I fell in love with the cinema when I was four years old, a passion which has endured. I loved everything about it. The adventure of the bus ride from Cumbernauld to Glasgow. Walking through busy city streets to the Odeon, ABC, Lyceum, or La Scala. Choosing my sweets from the shop next to the picture house because my parents said it was cheaper than buying them in the cinema. Chocolate forbidden because it made you thirsty. Liquorice comfits chosen because you got a lot in a quarter and could make them last by sucking on the sugar shell.
There was the commissionaire in his uniform and peaked cap. The usherette guiding you to your seat with her little torch. The ice-cream sellers, with their lit-up trays. The ticket booth with its tiny window. I even enjoyed sneaking covetous glances at the sweet concession, though the heart-shaped chocolate boxes on its shelves were forever destined to be a treat too far. And, of course, there were the films themselves.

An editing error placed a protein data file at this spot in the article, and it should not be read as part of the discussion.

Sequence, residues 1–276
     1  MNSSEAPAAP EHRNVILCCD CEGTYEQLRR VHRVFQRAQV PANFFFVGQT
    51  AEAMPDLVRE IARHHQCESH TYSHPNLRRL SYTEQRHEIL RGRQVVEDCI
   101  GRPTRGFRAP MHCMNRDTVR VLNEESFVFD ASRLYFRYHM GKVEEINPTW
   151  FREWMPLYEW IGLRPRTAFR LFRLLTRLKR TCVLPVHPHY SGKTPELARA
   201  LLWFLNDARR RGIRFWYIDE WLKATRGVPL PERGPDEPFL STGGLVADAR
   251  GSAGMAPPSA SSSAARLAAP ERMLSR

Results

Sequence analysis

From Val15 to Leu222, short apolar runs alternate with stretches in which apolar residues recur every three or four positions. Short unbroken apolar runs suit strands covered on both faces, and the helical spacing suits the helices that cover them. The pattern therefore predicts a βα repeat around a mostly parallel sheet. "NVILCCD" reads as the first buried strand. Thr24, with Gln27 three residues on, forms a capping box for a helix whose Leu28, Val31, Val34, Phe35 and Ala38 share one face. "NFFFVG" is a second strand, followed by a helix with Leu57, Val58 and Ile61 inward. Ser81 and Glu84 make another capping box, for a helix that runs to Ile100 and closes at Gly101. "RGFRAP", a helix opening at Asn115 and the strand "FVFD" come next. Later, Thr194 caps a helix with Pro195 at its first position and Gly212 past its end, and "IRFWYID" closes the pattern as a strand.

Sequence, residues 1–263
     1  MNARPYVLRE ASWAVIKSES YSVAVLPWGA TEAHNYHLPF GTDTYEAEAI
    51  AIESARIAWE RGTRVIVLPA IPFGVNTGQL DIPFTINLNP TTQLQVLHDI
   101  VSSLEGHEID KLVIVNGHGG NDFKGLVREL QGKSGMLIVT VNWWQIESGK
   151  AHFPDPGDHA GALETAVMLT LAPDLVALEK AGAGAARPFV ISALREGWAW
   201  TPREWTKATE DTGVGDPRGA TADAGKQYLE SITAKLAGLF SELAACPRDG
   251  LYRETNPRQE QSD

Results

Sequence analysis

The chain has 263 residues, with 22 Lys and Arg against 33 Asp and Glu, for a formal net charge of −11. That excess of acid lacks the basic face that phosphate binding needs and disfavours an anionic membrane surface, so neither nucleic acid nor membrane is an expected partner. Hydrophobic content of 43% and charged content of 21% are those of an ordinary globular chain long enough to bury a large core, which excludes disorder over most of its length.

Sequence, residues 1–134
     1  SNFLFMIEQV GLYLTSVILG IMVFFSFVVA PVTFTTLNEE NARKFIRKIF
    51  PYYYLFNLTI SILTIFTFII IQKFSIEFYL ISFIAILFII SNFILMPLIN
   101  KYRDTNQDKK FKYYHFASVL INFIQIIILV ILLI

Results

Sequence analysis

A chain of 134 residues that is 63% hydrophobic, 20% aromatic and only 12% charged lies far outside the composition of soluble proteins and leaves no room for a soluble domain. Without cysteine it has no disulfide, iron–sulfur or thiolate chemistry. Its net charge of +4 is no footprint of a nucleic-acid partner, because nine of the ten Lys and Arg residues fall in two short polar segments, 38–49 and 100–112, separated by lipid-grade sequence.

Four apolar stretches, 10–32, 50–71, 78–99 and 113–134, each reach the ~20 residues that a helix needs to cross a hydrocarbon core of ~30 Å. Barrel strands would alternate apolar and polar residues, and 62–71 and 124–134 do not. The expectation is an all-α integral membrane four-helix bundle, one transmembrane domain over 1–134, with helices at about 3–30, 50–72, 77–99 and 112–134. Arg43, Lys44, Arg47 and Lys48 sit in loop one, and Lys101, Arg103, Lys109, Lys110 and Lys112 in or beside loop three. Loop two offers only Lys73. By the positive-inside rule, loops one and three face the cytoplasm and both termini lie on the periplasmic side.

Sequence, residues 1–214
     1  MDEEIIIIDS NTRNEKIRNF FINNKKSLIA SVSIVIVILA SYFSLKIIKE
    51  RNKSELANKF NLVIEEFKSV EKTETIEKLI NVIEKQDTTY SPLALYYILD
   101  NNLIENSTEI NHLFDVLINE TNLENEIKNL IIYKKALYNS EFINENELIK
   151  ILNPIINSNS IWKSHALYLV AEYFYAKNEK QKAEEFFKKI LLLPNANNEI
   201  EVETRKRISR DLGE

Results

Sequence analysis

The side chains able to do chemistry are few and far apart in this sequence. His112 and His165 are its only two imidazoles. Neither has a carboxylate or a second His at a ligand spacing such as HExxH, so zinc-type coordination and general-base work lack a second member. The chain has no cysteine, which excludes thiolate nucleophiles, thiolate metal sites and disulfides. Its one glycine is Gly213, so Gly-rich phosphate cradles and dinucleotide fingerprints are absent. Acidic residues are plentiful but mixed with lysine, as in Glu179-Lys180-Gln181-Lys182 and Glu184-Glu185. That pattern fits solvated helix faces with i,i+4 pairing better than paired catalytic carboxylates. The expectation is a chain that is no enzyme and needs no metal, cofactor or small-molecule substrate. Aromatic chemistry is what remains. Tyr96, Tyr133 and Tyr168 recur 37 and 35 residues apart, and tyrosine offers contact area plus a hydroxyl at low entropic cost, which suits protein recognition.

Those were the days of continuous shows. Main feature, support feature, adverts, trailers, an occasional additional short, all on a never-ending loop. If you missed the start you stayed until the bit where you came in and suddenly the film you’d begun watching two and a half hours earlier made sense.
I grew up on a cinematic diet of Disney, sci-fi, and creature features. The Jungle Book, King Kong Versus Godzilla, Dr Who and the Daleks, The Land That Time Forgot, Sleeping Beauty, Battle For the Planet of The Apes, Mary Poppins… all watched through a blue haze of cigarette smoke.